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Authors: Thomas Keneally

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BOOK: The Playmaker
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Beside him lolled Johnny Hunter, the impassive Scot, captain of the
Sirius
, the officer who had at the age of eight years nearly died in the Norwegian shipwreck of his father's vessel and had been revived in a fishing village between the radiant breasts of two Norwegian sisters. Johnny seemed to be taking a light nap at H.E.'s right side. Ralph felt confident the first word of the play would rouse him.

Over H.E.'s left shoulder shone the brown scholarly face and pale tunic of the astronomer Dawes. The surgeons Johnny White and Considen sat by him on his left, priests of surgery and dosage, autopsy and dentistry. The young Scot Surgeon Balmain had been rowed all the way down from the outstation at Rosehill to watch tonight's celebration. He looked too red-faced and heavy-eyed with liquor to appreciate Sideway and Brenham, Kable and Turner. If he got rowdy, Considen would try to hush him, and Balmain would challenge the little Irishman to a duel, and the play might be interrupted.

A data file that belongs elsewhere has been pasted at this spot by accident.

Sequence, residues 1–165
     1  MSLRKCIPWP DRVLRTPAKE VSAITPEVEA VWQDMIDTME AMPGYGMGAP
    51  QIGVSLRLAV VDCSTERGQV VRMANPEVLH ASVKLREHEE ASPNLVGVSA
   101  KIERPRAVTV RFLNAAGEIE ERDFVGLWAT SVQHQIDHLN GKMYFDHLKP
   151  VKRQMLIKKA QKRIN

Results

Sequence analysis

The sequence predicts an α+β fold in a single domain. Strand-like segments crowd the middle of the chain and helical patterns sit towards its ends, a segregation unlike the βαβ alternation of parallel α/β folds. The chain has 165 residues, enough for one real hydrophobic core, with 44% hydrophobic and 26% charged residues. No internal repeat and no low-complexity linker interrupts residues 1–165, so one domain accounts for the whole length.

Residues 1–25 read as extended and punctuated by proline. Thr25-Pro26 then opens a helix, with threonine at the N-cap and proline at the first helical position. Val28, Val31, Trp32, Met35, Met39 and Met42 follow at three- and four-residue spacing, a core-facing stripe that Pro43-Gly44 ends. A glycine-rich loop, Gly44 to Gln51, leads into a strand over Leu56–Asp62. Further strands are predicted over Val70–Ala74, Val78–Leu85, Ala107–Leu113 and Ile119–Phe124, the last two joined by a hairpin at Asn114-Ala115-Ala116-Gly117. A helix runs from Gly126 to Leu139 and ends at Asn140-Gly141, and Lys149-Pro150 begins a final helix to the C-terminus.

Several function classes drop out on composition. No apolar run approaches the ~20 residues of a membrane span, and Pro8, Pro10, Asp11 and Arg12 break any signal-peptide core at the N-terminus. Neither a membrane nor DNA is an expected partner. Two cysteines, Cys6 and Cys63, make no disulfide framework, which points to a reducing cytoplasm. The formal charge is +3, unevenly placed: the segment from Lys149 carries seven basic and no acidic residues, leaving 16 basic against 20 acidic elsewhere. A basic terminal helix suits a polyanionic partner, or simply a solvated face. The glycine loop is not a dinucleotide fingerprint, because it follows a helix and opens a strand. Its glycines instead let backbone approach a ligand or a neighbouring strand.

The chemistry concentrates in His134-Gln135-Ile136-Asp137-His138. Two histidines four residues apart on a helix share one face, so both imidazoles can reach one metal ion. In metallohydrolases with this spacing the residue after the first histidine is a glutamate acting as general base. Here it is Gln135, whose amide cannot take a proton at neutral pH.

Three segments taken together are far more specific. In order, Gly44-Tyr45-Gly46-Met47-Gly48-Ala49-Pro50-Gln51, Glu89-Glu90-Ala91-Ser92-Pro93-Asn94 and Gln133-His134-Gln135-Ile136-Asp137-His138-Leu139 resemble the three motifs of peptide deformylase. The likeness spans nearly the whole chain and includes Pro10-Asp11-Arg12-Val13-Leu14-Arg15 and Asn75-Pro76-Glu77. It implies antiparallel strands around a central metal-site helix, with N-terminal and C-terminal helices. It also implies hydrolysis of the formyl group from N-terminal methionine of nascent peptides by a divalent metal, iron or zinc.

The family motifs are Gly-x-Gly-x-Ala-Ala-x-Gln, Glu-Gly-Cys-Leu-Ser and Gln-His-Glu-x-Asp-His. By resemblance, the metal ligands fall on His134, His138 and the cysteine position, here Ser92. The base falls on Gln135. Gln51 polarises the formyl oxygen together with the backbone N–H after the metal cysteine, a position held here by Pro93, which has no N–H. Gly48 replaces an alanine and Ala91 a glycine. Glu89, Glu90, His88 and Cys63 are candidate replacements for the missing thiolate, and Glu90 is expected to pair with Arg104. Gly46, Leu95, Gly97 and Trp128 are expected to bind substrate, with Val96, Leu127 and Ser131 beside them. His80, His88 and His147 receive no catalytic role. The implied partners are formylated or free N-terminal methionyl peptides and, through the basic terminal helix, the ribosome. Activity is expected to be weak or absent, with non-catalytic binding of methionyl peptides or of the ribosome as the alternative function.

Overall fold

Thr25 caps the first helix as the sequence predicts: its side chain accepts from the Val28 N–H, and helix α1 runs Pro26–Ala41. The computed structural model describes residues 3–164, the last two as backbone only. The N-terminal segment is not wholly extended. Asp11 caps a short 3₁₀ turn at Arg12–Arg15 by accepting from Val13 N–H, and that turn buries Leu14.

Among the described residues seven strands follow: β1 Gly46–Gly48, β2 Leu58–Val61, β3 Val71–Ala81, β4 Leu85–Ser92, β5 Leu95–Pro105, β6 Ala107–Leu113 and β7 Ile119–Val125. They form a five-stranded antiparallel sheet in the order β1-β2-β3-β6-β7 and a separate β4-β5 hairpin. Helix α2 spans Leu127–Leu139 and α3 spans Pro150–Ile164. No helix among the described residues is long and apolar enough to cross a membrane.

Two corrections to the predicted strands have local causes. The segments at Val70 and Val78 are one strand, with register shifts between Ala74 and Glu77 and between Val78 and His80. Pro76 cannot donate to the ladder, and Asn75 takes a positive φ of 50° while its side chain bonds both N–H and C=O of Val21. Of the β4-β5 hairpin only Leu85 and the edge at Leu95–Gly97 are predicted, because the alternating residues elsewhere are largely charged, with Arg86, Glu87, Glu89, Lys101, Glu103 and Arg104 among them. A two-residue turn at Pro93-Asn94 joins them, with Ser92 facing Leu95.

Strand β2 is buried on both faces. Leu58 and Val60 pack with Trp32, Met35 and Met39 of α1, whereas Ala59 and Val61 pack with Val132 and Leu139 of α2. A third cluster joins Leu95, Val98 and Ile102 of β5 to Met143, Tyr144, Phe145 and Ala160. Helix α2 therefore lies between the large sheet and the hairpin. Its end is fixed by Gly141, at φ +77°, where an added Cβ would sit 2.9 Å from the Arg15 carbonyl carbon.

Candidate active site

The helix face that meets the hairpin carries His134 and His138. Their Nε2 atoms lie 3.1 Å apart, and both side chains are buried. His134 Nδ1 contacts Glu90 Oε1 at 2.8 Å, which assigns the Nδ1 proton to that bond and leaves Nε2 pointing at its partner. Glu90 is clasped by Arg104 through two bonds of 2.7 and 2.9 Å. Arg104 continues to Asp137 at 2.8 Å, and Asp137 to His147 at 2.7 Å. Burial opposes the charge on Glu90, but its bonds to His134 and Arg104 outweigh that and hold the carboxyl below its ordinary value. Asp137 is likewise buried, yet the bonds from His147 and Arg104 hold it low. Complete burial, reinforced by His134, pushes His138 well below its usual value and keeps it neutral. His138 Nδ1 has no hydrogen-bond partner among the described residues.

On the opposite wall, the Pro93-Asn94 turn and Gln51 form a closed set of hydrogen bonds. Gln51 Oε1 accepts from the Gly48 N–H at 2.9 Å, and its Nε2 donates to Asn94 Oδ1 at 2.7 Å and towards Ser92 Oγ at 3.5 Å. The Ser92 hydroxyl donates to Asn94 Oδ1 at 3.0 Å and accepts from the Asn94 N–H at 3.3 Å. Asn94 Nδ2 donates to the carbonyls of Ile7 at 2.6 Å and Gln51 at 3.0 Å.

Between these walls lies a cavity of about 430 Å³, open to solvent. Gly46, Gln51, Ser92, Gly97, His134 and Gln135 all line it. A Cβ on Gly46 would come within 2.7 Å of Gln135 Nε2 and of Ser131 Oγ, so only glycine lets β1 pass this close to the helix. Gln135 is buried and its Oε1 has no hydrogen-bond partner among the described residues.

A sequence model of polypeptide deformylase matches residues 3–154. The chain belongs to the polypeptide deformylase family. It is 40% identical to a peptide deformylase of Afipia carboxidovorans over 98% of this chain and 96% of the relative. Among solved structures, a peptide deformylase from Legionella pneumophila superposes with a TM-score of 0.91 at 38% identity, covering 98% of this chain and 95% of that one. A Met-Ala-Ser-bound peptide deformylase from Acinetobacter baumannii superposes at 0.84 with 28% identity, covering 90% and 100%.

On H.E.'s left sat those robust enquirers, Davy Collins the Judge Advocate, and Tench Watkin, his brown eyes, which stood out from his head not unpleasantly, alive for amusement. Robbie Ross and Jemmy Campbell sat at the end of the line and had separated themselves from what they saw as His pernicious Excellency with the entire officers' mess—Lieutenant Creswell and George Johnston, Poulden and Lieutenant Long, elderly Lieutenant Alt, Lieutenants Furzer, Shairp, Davey, and Faddy, an old enemy of Ralph's in hardly a better condition to watch a play than Surgeon Balmain. Ralph knew that, if he himself had not been manager, he would have been employed in the same manner by Jemmy and Robbie—to help give flesh to the rampart of younger officers they had raised between themselves and Harry Brewer's Captain.

Missing were Harry Brewer himself, who had sent apologies but was out with the Quarter Guard waiting for a visit from the fugitive Madagascan, John Caesar, and of course Dick Johnson, whose Eclectic Society principles dictated he could not attend the theatre, even if Ralph had never pursued the white-suited Mary Brenham and brought her into his household.

Behind the line of officials, behind the two commissaries Miller and Clark, sat the married Marines and their wives and children, and then less regular, less discernible groupings of Marines and
Sirius
sailors and lags male and female. Ralph had time for one look at them. Meg Long, having seen the play at its rude beginning, was agog now to see its consummation. Goose sat by the brazier in the middle of the hall, her elbow room guarded and guaranteed by a cordon of young convicts. One held a bottle of brandy on one knee, and a goblet on the other—the bitch had a cup-boy!